Whether a remake of a series so tied to the climate of the '60s will work remains to be seen. But the original, which arrives next week in a gun-jumping 40th anniversary edition, deserves to be seen.
McGoohan plays a nameless British spy who, in the opening credits, stormily resigns from the secret service. We see him being followed home, gassed in his London apartment and falling to the bed. When he awakes he is in The Village, a leafy little town (filmed at a holiday resort in Wales) from which there is no escape.
But unlike the modern TV drama Prison Break, escape is only part of what drives McGoohan's character. Referred to only as Number Six, he is constantly sparring with Number Two, played by a different actor in almost every episode. Number Two wants to know why he resigned. Number Six wants to know where he is and who is Number One?
Part of the masochistic pleasure of the series is that most questions are never answered. Google search The Prisoner and you'll find appreciation societies (``fan clubs'' does not do justice to their enthusiasm) still debating finer plot points and larger themes of the mind-bending series. Is it a celebration or a cynical refutation of individual rights? Is Number Six the same character played by McGoohan in the show Danger Man? Who is Number One?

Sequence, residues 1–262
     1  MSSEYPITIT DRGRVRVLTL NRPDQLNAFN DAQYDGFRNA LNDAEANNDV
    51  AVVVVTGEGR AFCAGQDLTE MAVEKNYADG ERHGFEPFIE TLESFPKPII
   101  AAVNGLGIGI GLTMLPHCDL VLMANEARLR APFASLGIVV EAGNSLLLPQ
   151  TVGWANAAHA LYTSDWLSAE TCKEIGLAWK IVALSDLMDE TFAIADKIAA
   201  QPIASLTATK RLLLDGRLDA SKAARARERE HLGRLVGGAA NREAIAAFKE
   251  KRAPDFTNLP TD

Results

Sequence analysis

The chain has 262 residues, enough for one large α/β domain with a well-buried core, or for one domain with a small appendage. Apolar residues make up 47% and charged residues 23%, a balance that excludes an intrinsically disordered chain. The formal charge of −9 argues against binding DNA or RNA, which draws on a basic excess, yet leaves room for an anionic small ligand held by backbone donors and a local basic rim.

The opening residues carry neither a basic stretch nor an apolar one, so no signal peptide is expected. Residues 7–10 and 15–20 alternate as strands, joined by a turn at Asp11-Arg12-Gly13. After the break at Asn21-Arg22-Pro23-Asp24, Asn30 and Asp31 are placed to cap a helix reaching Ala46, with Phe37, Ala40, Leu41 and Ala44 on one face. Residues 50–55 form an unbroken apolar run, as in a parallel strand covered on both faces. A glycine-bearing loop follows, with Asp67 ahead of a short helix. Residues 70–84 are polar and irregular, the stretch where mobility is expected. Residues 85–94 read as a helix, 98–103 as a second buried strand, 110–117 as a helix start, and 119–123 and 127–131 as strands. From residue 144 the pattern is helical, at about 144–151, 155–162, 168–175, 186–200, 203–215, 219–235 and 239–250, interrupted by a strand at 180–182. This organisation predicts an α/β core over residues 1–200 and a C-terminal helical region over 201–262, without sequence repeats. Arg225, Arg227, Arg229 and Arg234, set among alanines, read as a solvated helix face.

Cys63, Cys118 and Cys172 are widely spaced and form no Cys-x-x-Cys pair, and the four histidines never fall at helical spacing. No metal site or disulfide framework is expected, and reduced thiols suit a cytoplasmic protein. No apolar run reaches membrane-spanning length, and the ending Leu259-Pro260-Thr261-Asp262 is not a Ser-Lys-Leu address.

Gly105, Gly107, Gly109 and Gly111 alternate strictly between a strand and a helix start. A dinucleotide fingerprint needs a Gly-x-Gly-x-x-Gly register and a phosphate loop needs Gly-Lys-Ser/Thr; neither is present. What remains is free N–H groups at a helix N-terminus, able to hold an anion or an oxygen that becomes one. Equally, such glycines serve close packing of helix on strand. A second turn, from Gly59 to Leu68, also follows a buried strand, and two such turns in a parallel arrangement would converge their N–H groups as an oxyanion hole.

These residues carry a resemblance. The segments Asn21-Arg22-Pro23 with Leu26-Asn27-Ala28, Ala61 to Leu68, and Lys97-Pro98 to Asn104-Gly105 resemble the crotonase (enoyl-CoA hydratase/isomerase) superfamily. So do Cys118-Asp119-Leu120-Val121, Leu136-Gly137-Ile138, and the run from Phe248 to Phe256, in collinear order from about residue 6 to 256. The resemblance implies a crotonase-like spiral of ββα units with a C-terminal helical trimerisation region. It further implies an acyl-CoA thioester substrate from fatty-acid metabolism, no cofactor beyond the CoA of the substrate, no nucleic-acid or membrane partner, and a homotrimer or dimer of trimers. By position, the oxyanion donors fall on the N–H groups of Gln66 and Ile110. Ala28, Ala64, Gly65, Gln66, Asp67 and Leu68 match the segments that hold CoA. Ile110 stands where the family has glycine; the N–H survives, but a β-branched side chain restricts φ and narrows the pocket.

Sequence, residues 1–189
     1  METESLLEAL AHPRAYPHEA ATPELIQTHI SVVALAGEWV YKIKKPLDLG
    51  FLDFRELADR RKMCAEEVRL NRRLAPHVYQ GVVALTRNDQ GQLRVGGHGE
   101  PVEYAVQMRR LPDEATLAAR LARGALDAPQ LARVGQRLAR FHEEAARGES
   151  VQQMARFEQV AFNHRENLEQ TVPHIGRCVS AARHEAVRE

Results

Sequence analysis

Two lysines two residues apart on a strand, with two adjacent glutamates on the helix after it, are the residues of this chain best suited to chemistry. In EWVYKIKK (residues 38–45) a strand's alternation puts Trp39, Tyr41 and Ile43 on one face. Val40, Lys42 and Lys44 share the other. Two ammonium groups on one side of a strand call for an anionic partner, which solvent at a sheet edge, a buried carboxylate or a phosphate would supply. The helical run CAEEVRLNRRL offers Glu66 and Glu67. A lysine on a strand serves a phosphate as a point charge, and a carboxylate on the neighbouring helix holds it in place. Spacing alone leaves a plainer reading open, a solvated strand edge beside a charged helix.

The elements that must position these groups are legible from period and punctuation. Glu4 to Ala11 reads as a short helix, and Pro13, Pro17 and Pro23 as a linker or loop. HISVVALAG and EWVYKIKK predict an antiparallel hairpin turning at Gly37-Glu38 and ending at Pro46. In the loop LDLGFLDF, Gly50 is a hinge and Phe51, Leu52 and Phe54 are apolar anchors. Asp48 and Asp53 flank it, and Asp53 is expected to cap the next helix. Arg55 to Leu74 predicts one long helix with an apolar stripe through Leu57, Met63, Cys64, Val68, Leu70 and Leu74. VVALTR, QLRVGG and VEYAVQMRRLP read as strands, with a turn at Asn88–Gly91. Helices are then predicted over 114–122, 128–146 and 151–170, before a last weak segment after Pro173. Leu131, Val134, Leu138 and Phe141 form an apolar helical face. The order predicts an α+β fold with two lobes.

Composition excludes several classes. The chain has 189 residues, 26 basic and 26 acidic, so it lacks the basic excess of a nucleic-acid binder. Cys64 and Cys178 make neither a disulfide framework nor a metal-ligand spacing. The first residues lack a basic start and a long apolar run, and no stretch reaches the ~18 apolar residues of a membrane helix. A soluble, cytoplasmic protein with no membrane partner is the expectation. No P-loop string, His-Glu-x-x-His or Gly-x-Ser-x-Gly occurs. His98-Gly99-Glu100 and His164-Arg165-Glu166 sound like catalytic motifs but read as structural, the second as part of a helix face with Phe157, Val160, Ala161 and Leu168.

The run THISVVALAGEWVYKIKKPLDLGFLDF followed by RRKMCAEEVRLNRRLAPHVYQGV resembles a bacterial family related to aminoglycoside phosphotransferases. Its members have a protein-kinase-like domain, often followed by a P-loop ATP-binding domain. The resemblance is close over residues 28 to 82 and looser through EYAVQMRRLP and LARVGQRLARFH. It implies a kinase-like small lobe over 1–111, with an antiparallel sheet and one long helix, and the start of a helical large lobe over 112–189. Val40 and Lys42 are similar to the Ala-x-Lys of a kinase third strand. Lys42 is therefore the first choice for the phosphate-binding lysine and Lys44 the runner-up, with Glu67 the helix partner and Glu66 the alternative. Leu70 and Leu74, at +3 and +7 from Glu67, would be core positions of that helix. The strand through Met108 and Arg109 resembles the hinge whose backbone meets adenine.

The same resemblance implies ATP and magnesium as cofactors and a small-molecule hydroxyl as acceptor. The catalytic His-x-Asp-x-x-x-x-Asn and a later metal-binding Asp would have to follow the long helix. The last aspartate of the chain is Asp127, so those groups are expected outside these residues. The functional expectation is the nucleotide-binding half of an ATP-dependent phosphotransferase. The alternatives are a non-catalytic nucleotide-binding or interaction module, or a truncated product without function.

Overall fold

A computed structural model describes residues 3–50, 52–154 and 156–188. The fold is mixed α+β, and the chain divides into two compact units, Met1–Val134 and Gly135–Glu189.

There is little official material from the show, and this new box set duplicates the bonus features from a 2001 edition, including the 45-minute Prisoner Video Companion featurette, which discusses some of the show's themes, and some early location footage taken at Portmeirion. (About 10 per cent of guests at the Welsh resort now come specifically because The Prisoner was shot there.)
New is a striking colour map of The Village (one of the first things Number Six does is try to plot his way out on a map, which shows him hemmed in by ocean and mountains) and a comprehensive written guide by Roger Langley, who also runs the Six of One Prisoner appreciation society.
But the old charm of the series is still its chief selling point. Certainly, McGoohan's cry of ``I am not a number; I am a free man!'' still resonates today. And the jaunty phrase ``be seeing you,'' accompanied by a brisk salute with thumb and index finger joined (said to be an ancient Christian greeting), still separates mere fans from the truly appreciative.
|< Prev||Next >|